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Paying money to have a baby at a hospital (and paying for medical treatment of any kind, for that matter) is very American to foreigners who come from countries where they don’t have to pay for healthcare. On several occasions, foreigners have told me how they were scared of becoming ill in the U.S. because of the costs that could come from it.

15: Canned Casseroles

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Dumping several different cans of food into a bowl, adding cheese, and mixing them together is considered cooking in many American households. That’s not so in many other countries.

16: Singing the National Anthem

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In many countries, singing the national anthem is common when other nations are involved, such as at a soccer game. But it’s quite American to sing the national anthem even when there’s no other country to compete with.

17: Air Conditioning

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While plenty of other countries have air conditioning, it’s the way Americans install and use air conditioners that deviates from the rest of the world. American homes have vents in every room for air conditioning; residents in many countries hang rectangular units from windows, and often, only some rooms have them.

18: Long Road Trips

Woman driving a car.
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Long road trips are an oh-so-American thing compared to many countries, in great part due our country’s large size. You can hop in your car and drive over 2,000 miles in one direction. Try doing that in Luxembourg.

19: Not Asking for the Bill

$5 tip.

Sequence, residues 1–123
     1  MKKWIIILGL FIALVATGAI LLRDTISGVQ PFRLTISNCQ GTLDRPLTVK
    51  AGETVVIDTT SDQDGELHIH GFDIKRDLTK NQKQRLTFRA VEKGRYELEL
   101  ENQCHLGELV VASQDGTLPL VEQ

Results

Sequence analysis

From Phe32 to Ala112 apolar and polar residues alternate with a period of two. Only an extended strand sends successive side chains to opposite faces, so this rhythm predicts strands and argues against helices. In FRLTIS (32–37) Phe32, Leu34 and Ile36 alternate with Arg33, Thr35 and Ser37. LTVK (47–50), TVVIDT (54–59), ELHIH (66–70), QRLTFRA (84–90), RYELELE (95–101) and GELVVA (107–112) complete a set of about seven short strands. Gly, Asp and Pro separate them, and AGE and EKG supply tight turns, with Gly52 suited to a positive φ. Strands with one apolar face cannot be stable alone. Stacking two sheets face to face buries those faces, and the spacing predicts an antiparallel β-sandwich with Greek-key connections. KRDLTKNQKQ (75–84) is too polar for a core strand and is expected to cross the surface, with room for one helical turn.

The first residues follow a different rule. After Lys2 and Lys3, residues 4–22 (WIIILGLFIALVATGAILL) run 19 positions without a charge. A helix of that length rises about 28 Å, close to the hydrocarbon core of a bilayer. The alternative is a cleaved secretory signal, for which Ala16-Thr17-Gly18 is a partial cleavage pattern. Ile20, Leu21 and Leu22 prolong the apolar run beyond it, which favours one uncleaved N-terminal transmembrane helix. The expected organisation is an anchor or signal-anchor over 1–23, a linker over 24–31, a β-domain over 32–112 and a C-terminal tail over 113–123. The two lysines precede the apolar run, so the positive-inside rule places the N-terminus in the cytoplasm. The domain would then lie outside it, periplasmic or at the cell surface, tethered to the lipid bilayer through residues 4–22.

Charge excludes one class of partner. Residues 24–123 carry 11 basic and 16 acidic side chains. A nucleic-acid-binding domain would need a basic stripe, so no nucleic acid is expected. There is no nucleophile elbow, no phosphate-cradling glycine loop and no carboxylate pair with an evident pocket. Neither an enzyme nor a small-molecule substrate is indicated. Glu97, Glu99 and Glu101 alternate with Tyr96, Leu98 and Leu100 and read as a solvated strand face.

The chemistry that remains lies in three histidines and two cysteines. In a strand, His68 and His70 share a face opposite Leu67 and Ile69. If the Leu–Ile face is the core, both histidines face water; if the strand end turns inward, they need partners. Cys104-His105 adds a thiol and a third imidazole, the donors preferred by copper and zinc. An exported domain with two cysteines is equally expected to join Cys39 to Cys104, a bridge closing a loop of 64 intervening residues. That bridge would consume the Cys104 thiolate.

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Millions of people around the world ask their server for the bill once they’re ready to pay. Not so in the United States. To us, flagging down a waiter for our bill feels uncomfortable. It normally just arrives, often while the customers are still eating.

20: Tipping

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Tipping restaurant servers, barbers, and more is not common — or at the very least expected — in other parts of the world. Even in places where tipping is acceptable and even expected, it’s typically not the outrageous percentage amounts that American culture expects, where 20% or more is now standard.

9 Countries Where Tipping Is Rude or Uncommon

A small tip on a plate.
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Since when did tipping your local coffee shop barista 20% become normal? If you’re tired of American tipping practices, you just might want to visit (and perhaps move to) one of these countries.

9 Countries Where Tipping Is Rude or Uncommon

10 Countries Americans Want To Relocate To

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Whether you’re reading this as an expatriate or you’re thinking about moving abroad, millions of Americans have been in your shoes. A study analyzed the most common countries Americans want to relocate to. Does the country you dream about living in make the cut?

10 Countries Americans Want To Relocate To